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How the troubled past of a 14-year-old boy made him a saviour in the Thai cave rescue.

It was July 2, more than nine days since 12 boys from a Thai soccer team and their assistant coach had gone missing somewhere inside the Tham Luang cave in North Thailand, when they were finally found by two British divers.

They were huddled in the dark, desperately trying to stay warm. Their assistant coach, 25-year-old former Buddhist monk Ekapol Chanthawong had been teaching the boys meditation in an attempt to keep them calm. Reports say he had given all his food to the boys in his care, taking none for himself.

All 13 looked skeletal, according to the divers.

But it was Adul Sam-on, a 14-year-old born in Myanmar, who played a critical role in the rescue that followed.

When he was six years old, Adul escaped a village in Myanmar known for, according to The Sydney Morning Herald, guerrilla warfare, methamphetamine trafficking and opium cultivation. He had been born to a family that belonged to the Wa ethnic group – a tribe that is currently stateless.

His parents had fled to Thailand, desperate to protect Adul from a likely fate of being coerced into the local violent guerrilla force. They hoped their son could receive an education, offering the potential for a better life.

Thai boys rescued from flooded cave. Post continues. 

It was because of this education that he was proficient in five languages, including English, making Adul the conduit that connected the trapped Thai boys with the outside world.

Adul told the divers their group needed food. He told them how they had stayed alive. According to the rescuers, he remained calm and polite, despite their circumstances.

His school principal, Punnawit Thepsurin, told The Washington Post that the 14-year-old is the top student in his class in Mae Sai. His academic and sporting achievements have earned him a scholarship.

“Stateless children have a fighting spirit that makes them want to excel,” Punnawit said. “Adul is the best of the best.”

In acting as an interpreter, Adul was able to advocate for their needs, and learn nine days in that there was help coming.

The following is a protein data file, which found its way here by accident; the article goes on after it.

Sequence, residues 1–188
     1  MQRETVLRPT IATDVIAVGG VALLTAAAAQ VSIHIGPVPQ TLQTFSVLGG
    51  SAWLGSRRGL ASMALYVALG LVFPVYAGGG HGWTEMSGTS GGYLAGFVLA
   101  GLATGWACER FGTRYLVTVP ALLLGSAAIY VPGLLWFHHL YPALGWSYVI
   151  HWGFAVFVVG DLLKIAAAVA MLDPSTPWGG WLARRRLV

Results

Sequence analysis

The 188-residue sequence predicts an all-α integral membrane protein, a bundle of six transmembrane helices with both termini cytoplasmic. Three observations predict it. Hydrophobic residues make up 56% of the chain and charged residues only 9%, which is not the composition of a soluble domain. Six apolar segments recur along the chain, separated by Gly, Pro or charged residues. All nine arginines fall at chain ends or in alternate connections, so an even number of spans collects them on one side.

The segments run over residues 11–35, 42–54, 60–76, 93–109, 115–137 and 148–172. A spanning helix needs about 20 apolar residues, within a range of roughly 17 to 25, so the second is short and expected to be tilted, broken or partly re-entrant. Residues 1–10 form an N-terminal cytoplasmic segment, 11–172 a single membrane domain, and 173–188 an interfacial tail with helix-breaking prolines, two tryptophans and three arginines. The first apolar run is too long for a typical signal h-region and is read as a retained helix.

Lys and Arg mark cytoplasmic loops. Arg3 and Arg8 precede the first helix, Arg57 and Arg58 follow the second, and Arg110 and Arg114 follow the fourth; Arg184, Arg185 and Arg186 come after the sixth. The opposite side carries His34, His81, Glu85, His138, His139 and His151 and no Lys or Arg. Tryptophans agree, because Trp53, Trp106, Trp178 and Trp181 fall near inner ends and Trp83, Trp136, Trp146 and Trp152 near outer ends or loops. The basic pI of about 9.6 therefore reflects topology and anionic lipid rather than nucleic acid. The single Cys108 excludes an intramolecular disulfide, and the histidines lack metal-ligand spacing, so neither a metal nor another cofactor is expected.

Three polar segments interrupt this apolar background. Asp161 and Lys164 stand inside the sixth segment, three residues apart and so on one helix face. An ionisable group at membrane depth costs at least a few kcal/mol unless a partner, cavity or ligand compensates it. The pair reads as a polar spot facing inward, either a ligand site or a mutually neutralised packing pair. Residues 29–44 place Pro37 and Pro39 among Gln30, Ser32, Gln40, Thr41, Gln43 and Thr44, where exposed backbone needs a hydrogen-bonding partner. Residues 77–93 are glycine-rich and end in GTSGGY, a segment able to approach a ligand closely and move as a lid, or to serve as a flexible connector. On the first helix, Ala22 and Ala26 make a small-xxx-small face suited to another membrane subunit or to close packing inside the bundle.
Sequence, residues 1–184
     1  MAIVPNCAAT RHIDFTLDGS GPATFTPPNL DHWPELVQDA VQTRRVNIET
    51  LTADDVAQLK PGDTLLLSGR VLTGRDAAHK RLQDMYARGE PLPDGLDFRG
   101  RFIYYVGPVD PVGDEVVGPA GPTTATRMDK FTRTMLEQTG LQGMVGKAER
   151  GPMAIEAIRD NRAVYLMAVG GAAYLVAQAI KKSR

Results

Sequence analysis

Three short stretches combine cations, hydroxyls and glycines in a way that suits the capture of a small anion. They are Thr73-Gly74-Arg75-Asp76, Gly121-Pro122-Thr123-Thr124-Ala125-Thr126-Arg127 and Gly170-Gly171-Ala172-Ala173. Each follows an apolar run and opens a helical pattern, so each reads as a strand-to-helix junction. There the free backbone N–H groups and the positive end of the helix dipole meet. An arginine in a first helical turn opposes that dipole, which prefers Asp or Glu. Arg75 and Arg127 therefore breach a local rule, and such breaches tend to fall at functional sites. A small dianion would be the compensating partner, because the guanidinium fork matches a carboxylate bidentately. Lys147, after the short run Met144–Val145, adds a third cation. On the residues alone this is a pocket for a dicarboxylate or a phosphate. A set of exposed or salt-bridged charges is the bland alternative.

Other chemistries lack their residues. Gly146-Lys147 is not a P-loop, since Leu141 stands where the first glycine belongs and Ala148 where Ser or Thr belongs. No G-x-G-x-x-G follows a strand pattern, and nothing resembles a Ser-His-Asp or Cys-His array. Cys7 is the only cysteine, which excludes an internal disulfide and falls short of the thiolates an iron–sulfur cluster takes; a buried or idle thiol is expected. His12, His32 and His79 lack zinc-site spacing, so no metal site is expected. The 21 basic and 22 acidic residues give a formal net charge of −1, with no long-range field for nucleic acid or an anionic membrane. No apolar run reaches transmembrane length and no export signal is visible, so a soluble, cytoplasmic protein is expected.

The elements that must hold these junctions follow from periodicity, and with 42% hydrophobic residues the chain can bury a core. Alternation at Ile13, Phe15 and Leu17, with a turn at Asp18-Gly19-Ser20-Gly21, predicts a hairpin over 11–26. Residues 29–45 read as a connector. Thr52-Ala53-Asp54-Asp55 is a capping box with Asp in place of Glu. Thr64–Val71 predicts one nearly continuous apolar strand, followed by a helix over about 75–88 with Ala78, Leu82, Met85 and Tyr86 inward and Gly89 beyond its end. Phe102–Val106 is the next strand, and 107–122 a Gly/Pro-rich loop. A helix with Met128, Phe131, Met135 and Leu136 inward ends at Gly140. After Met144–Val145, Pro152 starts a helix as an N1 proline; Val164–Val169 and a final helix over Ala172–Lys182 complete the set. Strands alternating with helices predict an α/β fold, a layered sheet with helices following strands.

Though this story might have features of tragedy, with 13 trapped inside a flooded cave, and the death of former Thai Navy SEAL Saman Gunan – who risked his life trying to save others – it also has, hidden within it, moments of beauty.

It is a story about the profound bravery of 12 boys, aged between 11 and 16, who undertook one of the world’s most terrifying and dangerous dives with minimal training.

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It is a story about the resilience and sacrifice of 25-year-old Ekapol, who protected those boys as if they were his own.

It is a story about the incredible strength of the human spirit, of triumph over adversity and a testament to what we are all capable of.

At a time when our news is dominated by disaster – often perpetrated by villains – this is the story the world so desperately needed.

Rescuers gathered at Tham Luang cave from all over the world, Britain, Australia, the United States, China and Japan, leaving their families and their jobs at a moments notice, to save the lives of 13 people they had never met.

The last person to leave the cave was Dr Richard Harris, whose job it was to check the boys’ condition before clearing them to dive. He did not leave until the last boy was rescued.

Less than a month ago in the United States, children, some only babies, were imprisoned in cages, punished from dreaming of a better life.

It is this news story, of the 13 who escaped the Tham Luang cave in Thailand, which reminds us the lengths humans will go to, to secure their freedom.

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